Porrum sativum Mill.
We remember the fish, which we did eat in Egypt freely; the cucumbers, and the melons, and the leeks, and the onions, and the garlick: But our soul is dried away: there is nothing at all, beside this manna, before our eyes.
Numbers 11:5-6 (KJV)
We remember the fish we ate in Egypt for nothing, the cucumbers, the melons, the leeks, the onions, and the garlic; but now our strength is dried up, and there is nothing at all but this manna to look at.
Numbers 11:5-6 (RSV)
How we remember the fish that we used to eat in Egypt for nothing, the cucumbers and the water melons, and the leeks and the onions, and the garlic; But now our soul is dried away. Our eyes are on nothing at all except the manna.
Numbers 11:5-6 (NWT)
To me, garlic is biblical food farmacy for cancer, cardiopathy, cerebropathy, diabetes, and sepsis. I often ponder a paradox. While many health writers will tell you not to chronically tweak your immune systems with such things as boneset, echinacea, elderberry, huangchi, I have not heard them say the same thing about garlic, one of the best immune boosters, with at least a dozen compounds reported to boost the immune system. Back during the anthrax scare, I spoke of garlic (seriously, although most people assumed I was talking frivolously) as the "herbal duct tape" because of its multiple antiseptic and immune-stimulating phytochemicals. The Centers for Disease Control (CDC), Food and Drug Administration (FDA), and the National Institutes of Health (NIH) are quick to say that people with depressed immune systems are more likely to get the "disease of the year"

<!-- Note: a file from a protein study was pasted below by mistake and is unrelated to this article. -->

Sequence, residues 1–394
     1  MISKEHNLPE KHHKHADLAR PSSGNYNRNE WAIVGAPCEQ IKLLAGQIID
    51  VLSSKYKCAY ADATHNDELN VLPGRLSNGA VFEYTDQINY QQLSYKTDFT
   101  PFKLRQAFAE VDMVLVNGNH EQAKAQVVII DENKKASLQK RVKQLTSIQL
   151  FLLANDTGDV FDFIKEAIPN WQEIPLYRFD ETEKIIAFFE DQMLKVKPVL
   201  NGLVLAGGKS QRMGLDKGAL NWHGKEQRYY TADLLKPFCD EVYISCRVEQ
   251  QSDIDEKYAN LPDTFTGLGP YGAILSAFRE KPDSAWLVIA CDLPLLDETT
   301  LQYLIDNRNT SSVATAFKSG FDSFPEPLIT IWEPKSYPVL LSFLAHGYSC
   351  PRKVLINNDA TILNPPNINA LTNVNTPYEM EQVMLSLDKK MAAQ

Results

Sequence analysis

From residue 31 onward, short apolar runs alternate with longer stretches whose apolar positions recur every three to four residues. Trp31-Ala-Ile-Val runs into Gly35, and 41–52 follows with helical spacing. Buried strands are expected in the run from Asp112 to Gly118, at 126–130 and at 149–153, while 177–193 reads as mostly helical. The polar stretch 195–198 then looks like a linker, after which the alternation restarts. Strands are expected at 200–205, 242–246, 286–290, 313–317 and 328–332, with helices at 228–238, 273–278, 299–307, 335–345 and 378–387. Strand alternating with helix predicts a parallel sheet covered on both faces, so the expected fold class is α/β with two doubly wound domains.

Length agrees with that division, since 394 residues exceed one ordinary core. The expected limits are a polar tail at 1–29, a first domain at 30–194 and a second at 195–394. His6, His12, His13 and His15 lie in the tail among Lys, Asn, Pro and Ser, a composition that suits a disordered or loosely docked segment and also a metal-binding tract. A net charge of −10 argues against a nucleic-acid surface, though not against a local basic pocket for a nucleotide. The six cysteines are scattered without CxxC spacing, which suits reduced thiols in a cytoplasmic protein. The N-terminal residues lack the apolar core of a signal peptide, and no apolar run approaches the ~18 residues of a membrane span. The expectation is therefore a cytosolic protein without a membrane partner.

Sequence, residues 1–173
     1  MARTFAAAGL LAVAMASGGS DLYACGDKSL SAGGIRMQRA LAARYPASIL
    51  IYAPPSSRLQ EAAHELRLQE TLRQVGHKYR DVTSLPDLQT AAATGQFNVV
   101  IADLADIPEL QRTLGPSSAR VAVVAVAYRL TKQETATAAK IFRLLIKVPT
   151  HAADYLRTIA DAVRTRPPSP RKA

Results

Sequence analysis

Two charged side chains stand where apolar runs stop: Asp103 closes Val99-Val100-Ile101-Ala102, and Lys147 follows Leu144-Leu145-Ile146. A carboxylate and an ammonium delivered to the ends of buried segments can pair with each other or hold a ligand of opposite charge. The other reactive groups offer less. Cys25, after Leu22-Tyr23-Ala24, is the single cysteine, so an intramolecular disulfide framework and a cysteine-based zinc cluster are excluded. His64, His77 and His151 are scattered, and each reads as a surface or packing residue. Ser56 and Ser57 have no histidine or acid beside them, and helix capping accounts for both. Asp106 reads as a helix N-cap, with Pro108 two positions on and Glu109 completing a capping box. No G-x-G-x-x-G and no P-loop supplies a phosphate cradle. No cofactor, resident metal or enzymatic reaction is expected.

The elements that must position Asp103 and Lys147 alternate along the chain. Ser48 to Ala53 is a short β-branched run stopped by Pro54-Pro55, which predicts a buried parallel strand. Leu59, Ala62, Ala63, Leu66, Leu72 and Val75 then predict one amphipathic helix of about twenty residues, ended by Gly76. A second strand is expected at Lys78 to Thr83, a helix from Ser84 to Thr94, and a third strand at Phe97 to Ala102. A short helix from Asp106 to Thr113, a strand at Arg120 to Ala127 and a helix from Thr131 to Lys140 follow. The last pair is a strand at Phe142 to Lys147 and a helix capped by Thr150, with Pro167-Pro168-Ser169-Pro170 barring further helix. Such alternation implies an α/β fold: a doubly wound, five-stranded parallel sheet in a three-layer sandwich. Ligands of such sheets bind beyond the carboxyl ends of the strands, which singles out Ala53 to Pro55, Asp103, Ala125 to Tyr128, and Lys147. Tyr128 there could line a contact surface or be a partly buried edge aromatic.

(my flippant term for, as examples, anthrax, bird flu, SARS, or West Nile virus). However, I have never heard them recommend boosting the immune system with antiseptic garlic to improve one's odds against these very diseases. That is a ponderous paradox. Back during our first anthrax scare, there was no clinical proof that Cipro or garlic was useful against anthrax. Garlic is a broad-spectrum antibiotic, not liable to lead to multiple drug resistance. And now garlic has been shown in vitro to help slow anthrax (X14598920). Will the phytochemical politicians again advise us not to suggest that garlic can help with the "disease of the year?" I can get garlic immediately in case of anthrax attack—but I might need several days, a doctor's appointment, a prescription, and a few dollars to get Cipro. Garlic would help; Cipro would help; resistance will emerge to pure Cipro; resistance would be less likely to develop to the synergic mix of dozens of antiseptic compounds in whole garlic. The year 2004 saw garlic identified as the herb of the year. If I were told I could have only one medicinal herb, it would certainly be the biblical garlic. I think of it as the medicine of the millennium. I confess that I have not reviewed all the PubMed citations — 120 alone in the first quarter of 2005.
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